Sheffield United: Why I fear for Blades in the longer term - Alan Biggs
Paul Heckingbottom commands goodwill and rightly so. As do Stuart McCall and Jack Lester in Sheffield United’s all new management team.
Can they swim against the tide of an increasingly remote regime that commands very little of the same goodwill, or respect, from the club’s support?
Yes, but for a limited time in my opinion. And not for the four years of the contract unless something changes dramatically behind the scenes.
That’s why I fear for them longer term and, even more so, the club. Unless they win promotion with THIS squad THIS season. It’s their best shot.
But there is actually an underlying honesty in the replacement of a successful big-earning boss with one who comes considerably cheaper.
It is effectively an admission that owner Prince Abdullah can’t afford to compete at the level Unitedites have naturally come to expect of an exceptionally well supported club. Fair enough, no shame, as long as attempts to secure investment are genuinely underway.
At face value, the idea that Heckingbottom will be “manager” and govern football at all levels, is refreshing and good. But being spared responsibility for results?!
Who can truly believe that? Heckingbottom, a true and honest pro, certainly won’t judge himself on that basis. Nor will supporters.
Long-term plans are great, and sadly lacking in the game, but how long is long?
This for a club that has spectacularly failed to capitalise on the considerable spin-off of two years in the Premier League. This achieved by a manager it dispensed with.
This evidently promised in turn to palpably the best manager to replace him. This seemingly denied Slavisa Jokanovic, who became the second proven manager to be discarded by an unproven hierarchy.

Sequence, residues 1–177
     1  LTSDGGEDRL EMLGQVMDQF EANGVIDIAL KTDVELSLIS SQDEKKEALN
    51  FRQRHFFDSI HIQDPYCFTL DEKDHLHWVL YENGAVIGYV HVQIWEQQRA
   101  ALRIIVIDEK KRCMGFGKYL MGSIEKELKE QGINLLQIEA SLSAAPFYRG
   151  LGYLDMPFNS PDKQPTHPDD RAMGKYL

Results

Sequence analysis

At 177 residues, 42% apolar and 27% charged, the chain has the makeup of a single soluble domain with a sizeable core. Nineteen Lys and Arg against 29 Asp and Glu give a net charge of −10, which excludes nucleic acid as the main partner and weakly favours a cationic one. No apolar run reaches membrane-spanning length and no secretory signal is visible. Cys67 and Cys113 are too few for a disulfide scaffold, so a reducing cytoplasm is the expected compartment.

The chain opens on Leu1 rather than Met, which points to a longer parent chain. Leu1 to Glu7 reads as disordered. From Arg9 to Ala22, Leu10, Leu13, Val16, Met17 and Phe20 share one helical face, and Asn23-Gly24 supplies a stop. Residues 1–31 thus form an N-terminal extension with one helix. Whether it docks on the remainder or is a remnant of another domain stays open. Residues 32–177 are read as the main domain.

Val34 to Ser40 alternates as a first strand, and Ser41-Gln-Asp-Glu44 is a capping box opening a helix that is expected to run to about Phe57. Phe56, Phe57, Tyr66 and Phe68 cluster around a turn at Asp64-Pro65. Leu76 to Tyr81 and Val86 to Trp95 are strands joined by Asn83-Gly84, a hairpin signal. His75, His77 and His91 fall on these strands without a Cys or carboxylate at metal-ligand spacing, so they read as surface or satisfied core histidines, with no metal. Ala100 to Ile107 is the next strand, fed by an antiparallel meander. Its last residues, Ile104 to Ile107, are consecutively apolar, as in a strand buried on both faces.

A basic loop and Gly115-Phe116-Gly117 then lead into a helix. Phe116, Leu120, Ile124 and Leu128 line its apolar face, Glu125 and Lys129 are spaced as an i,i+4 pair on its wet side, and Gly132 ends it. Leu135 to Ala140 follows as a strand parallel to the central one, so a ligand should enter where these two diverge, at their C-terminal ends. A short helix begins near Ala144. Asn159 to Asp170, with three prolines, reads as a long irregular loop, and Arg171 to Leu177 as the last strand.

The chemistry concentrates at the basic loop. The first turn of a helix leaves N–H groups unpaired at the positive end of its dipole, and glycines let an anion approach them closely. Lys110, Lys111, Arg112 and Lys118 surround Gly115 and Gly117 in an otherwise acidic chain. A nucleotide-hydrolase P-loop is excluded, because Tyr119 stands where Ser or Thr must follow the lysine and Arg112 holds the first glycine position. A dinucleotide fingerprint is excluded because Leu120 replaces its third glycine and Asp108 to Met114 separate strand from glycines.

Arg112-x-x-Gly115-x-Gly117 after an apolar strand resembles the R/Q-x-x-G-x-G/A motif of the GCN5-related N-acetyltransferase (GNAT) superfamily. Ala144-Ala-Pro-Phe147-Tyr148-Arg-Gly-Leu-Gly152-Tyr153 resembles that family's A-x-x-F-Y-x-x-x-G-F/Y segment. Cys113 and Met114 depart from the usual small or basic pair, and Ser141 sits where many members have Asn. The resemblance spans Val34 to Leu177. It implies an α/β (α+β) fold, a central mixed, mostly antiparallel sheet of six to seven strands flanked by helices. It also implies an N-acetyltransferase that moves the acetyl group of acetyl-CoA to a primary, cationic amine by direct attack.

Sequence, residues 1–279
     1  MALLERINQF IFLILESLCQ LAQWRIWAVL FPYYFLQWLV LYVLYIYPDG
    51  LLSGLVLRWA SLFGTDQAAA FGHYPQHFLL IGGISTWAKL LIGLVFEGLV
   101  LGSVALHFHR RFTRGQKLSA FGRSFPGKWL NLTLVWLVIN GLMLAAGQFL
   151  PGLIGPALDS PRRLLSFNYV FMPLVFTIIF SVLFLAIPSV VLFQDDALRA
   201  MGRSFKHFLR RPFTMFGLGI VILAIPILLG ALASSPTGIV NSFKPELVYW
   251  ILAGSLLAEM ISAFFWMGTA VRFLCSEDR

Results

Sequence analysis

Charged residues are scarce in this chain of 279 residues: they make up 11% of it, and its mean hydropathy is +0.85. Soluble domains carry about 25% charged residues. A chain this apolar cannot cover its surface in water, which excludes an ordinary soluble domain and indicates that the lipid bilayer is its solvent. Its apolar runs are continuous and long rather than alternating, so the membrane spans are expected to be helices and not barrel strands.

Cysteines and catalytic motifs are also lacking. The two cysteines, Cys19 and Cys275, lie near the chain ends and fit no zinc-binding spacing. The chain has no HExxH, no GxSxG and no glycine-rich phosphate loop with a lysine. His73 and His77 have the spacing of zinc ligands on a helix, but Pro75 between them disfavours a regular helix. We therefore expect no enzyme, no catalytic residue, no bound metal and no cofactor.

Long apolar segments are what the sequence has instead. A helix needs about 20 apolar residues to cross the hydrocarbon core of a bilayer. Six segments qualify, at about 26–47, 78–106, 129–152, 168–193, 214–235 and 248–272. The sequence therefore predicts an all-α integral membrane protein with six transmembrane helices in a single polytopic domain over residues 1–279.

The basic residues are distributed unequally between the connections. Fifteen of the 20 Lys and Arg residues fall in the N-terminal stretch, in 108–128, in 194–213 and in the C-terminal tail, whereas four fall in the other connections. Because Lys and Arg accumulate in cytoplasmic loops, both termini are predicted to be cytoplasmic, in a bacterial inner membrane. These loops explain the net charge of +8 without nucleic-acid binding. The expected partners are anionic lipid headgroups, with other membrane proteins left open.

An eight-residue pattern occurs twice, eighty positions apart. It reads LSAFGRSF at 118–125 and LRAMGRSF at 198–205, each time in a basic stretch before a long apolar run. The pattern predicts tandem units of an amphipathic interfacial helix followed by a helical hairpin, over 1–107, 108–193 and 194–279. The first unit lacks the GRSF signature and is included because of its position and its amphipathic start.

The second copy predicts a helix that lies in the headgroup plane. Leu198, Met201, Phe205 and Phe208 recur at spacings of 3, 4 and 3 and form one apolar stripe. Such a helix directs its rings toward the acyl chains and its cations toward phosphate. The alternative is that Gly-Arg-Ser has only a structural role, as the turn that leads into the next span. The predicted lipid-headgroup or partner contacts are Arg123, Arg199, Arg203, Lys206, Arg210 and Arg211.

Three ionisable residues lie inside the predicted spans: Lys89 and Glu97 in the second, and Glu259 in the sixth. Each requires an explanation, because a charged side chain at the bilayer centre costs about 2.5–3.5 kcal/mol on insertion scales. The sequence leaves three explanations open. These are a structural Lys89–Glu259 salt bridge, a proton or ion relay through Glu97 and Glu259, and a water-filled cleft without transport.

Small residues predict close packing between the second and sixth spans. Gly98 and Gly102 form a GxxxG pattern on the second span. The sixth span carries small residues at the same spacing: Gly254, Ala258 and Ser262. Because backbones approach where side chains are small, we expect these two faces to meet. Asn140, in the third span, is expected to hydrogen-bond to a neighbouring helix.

This does not add up. Results, we are told, cost double promotion-winner Jokanovic his job. Yet Heckingbottom won’t be judged on them?!
Ok, you get the need to remove pressure when funding is an issue and there is some sincerity in that respect.
But Blades fans are entitled to wonder how on earth the legacy of Chris Wilder, one of the club’s all-time greats, is worth so little.
How has it all amounted to settling for promoting youth - from a “United World” portfolio of clubs across Europe - in some sort of “long term strategy”?
But it’s the disconnect, the feeling that the club lacks a heart and soul, that is most concerning. The talk of invisibility with those in power evidently vanishing into the background.
I don’t envy Heckingbottom being thrust out, right, left and centre. The blank sheet of paper - which is great - appears to be accompanied by a blank cheque book in terms of major recruitment for a squad that will need an overhaul, imminently if not immediately.
Which is not to say he can’t defy the odds. While his record, with Barnsley, Leeds and Hibernian, is patchy, he is an experienced, likeable guy who knows everyone around Bramall Lane and is well respected. He has also sampled controversial regimes at both Elland Road and Oakwell.
I wish him well and I’m sure the same goes for most fans. He could get his employers off the hook.
As for Jokanovic, when a club hires a manager and then gets rid of him quickly we rightly question those who made the choice in the first place.
But on this one, they got it right. That’s what’s so different here.
What they got wrong was either failing to back him in the manner he’d been led to believe or making promises they couldn’t keep. After that, a fall-out was inevitable and Jokanovic appeared to create a sacking climate by going public with window demands he knew could not be met.
But let’s fall in behind Heckingbottom as things stand. He and the players deserve that and, as they showed during the reset of a win over Bristol City, the crowd won’t sell them short.MORE – 'This team must reflect the personality of the city' insists a member of Bramall Lane's new regime